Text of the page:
Professional sports are coming back to life. It’s a slow restart, for certain, but it’s offering fans something to root for and other organizations a look and what it might look to make a legitimate return.
Korean baseball was the first major league to play ball again. Players competed in empty stadiums but supporters could at least watch in real time from home. Desperate for content beyond the occasional UFC fight or rumor of an NFL trade, ESPN aired a lot of these games. The station also released a couple of eye-opening miniseries on two superstars in Lance Armstrong and Michael Jordan, a pretty savvy move in the absence of real sports competitions.
Soccer is following suit, with most of the major leagues (La Liga in Spain, the Premiership in England) set to start back up in mid-June. The Bundesliga in Germany was the first to return to action, with players and team staff adhering to strict quarantine protocols and fan-less stadiums. In partially opened Germany, fans are flocking to beer halls to watch their favorite teams, but are not yet attending matches. The top Costa Rican soccer league, too, resumed on the early side with some of the games getting picked up by starved American sports stations. Recently, too, Major League Soccer announced its return in early July.
It’s pretty fascinating to watch. Without fans, viewers can hear the incessant shouting of players and the direction of coaches. The psychology of the pandemic is real and has rubbed off on the athletes. There’s still plenty of physical contact but there’s often an air of hesitancy (quite justified). Players have been instructed not to hug and high-five, making goal celebrations incredibly awkward.
Basketball recently announced its return date of July 31. The plan is to bring in the top 22 teams (35 players and staff from each team) in the association and have them compete for playoff spots. It will all happen at Disney in Orlando, keeping the sport captive and properly quarantined. Again, this will be an empty arena affair but hoops fans will love the return of what’s been a pretty open and entertaining regular season thus far.
The end of July seems pretty far off but you have to keep in mind how complicated this all is. The NBA is a global league with players from all over the planet. Many will be flying back to the states and will have to self-quarantine upon return. Then, teams will begin to practice in their own cities before heading to Florida. With such a tight basketball community being assembled at Disney, the goal of course is to keep everybody healthy. A second wave in such an environment would spread like wildfire so there will be daily testing.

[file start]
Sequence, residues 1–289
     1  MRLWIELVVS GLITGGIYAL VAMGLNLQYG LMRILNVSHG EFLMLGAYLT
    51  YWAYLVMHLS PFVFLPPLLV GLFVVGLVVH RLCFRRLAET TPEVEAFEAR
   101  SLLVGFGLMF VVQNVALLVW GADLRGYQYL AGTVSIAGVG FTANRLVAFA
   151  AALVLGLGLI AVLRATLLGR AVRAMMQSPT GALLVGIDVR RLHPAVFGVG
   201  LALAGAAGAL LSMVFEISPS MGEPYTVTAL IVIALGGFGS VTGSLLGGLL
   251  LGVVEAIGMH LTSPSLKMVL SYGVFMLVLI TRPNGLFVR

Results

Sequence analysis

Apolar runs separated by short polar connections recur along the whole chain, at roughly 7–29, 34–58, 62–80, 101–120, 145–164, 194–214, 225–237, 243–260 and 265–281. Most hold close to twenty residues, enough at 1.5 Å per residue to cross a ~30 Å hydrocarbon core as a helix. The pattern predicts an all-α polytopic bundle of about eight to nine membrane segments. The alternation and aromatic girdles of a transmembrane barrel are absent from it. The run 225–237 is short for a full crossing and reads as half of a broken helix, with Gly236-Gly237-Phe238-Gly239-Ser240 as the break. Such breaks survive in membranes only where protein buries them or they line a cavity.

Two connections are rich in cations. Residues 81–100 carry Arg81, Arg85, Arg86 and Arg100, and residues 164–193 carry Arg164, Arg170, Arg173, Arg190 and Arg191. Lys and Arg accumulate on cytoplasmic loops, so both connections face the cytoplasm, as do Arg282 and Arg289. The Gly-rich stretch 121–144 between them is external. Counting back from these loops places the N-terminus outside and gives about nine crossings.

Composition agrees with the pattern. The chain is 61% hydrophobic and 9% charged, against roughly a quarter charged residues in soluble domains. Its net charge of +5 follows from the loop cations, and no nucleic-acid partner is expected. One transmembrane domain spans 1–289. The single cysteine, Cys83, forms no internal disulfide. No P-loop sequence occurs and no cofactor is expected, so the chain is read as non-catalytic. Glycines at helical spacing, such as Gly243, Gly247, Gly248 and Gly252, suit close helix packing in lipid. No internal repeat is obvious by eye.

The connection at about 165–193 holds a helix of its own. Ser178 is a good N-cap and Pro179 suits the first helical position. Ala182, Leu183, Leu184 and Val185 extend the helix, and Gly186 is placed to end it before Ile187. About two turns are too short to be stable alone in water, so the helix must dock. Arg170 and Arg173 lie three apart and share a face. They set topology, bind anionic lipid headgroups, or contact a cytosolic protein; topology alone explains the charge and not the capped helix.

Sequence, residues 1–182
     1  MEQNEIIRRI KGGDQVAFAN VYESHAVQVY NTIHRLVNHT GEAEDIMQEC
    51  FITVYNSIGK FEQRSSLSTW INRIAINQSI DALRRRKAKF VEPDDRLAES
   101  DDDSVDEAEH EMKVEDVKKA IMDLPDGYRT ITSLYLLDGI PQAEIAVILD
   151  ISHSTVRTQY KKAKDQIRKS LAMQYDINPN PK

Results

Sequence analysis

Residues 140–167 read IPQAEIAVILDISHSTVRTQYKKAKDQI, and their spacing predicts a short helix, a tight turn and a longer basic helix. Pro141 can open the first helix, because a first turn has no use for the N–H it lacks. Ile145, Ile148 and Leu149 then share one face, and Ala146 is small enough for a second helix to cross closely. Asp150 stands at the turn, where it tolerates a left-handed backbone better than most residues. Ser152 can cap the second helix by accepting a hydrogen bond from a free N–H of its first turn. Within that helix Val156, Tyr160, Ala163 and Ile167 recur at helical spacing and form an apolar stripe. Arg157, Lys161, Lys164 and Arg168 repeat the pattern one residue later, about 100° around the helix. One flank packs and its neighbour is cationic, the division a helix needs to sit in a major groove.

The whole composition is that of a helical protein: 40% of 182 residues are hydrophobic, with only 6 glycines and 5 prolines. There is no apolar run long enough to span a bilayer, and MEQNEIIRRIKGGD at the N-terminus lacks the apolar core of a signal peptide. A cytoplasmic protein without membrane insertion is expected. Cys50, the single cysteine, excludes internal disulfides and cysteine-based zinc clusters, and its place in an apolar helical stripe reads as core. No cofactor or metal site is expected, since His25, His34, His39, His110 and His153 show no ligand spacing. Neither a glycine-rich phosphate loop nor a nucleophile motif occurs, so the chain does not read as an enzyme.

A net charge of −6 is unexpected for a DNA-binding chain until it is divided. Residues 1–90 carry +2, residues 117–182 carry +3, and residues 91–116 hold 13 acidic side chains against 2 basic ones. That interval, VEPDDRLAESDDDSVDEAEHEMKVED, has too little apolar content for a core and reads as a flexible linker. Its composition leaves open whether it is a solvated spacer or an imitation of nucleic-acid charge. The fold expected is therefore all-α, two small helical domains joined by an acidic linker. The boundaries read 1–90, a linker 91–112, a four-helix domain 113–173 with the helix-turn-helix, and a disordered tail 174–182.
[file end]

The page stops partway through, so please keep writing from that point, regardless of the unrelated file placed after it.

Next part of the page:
In scheduling some regular season games, the league smartly preserved one of its best attributes: the playoff push. Sixteen teams ultimately make the playoffs and the 8th seeds in each conference are especially fought-over. Viewers get more basketball and teams get a fighting chance to make the postseason. On paper, it’s looking like a Lakers and Bucks final but you just never know with pro hoops, which is part of the fun.
The NFL is slated to start on time late this summer, but so much is dependent on the state of the pandemic. Surely, the stadiums will be empty or set to very limited capacities. And what of the players in one of the world’s most contact-heavy sports? There’s a macho element embedded in American football but how risky will playing be for the health of the players? It’s a massive sport, with rosters carrying more than 50 players and a plurality of coaches, trainers, and more.
Players have been keeping busy during the pause, training on their own and in small groups and supporting vital causes. The recent death of George Floyd has sparked the newest chapter of a longstanding movement and athletes are putting their public visibility to great use. Rising star Jadon Sancho of Borussia Dortmund sported a simple statement while basketball players like Steph Curry and Damian Lillard marched with protesters in their hometowns.
The return of sports will bring some much-needed normalcy to our lives but it must be done with health concerns taking precedence over cash concerns. Obviously, that’s not always to be assumed given the scale of money these colossal leagues are working with. It’s set to be a different sporting landscape entirely but that’s all part of this new normal we’re all navigating.
- Destined for Greatness: These Active NBA Players Are a Lock for the Hall of Fame
- Check Out Who the World’s Wealthiest Athletes Are
- Collector Pulls Coveted, $3MM Lebron James Card From Pack
- Two Weeks to World Cup Qualifying — U.S. Men’s Soccer Update
- NCAA Tournament Contenders as March Madness Begins